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More Hot-Water Musings - De File
Does Collecting Make You Feel Dirty?
cbertsch
cbertsch
More Hot-Water Musings
After I conceived of my "practical theory" book that I will almost certainly never write -- I have several other books to write first -- I started musing, less irreverently, on the benefits that such a project might have. What are the lessons that we can learn from theory? The first thing that crossed my mind is that the right mixture of psychoanalysis, post-structuralism, and the philosophy of language a la Wittgenstein can demonstrate the paradoxes of intention. If someone asks you why you did what you just did, you usually feel compelled to answer. Frequently, though, the first answer and then the second and then the third are all unsatisfying. The questioning, whether from outside or within, proceeds until a decent response is finally ready. And then you declare, "That's what I was really doing." But every answer to the question in this series is what is known in theory circles as a "back formation." Describing your intention after the fact involves a backward glance that can't help but focus, not only on the state of mind that preceded the action you are trying to explain, but also the outcome of that action itself. As a result, your judgment will always be colored, no matter how hard you try to imagine your way back into a time before you did what you did. What that means in practical terms is that retroactive statements about intentions exist in a different realm than the intentions that they purport to explicate. Even if you have a clear sense of intention prior to doing something, the description of that sense that you provide later on, looking back, will never be pure. Typically, when something turns out favorably, you say, "I intended to do that," and, conversely, when it turns out unfavorably, you say, "I didn't mean for that to happen." In either case, though, the knowledge of how everything turned out cannot be boxed up in a closet somewhere. It's always there. And that's where theory comes in. The theoretical brew I delineated above puts all sorts of handy tools at your disposal for reflecting on the complexity of this relationship between intention and retrospection.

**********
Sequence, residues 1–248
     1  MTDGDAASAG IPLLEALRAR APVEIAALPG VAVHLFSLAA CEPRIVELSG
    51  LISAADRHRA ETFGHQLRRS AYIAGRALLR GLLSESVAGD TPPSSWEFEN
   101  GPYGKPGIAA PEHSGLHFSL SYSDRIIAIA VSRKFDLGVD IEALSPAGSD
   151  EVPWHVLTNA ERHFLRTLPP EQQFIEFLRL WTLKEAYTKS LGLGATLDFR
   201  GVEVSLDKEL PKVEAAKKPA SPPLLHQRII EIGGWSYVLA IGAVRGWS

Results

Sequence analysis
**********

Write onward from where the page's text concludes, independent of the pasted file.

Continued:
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idlerat From: idlerat Date: July 15th, 2005 08:19 pm (UTC) (LINK TO SPECIFIC ENTRY)
This is true for other things besides intention. Like feelings. I've been in psychoanalytic therapy for years, and I have the hardest time answering questions about how I feel or felt. Now, in the Wittgenstein mode, I'd say that many or most feelings don't exist without context. That's not necessarily retrospective, except when you ask someone how they feel. And then, I think, for a complex emotion like guilt or envy, feelings are about on a parr with intentions. And, like intentions, they're supposed to be primary.
cbertsch From: cbertsch Date: July 15th, 2005 10:25 pm (UTC) (LINK TO SPECIFIC ENTRY)
Right. I would never say that intention doesn't exist or that feelings are only felt retroactively. But the attempt to describe, in response to a query, what you were doing or feeling results, not in a simple and accurate account, but in a multiplication of folds. The intention that existed prior to the act is doubled by the intention that is, in retrospect, imagined to have animated it. And that retroactively described intention is, in turn, trebled by the intention that animates the description itself. Context is key. I've been reading the Philosophical Investigations again, off and on. I always think of you when I read Wittgenstein.
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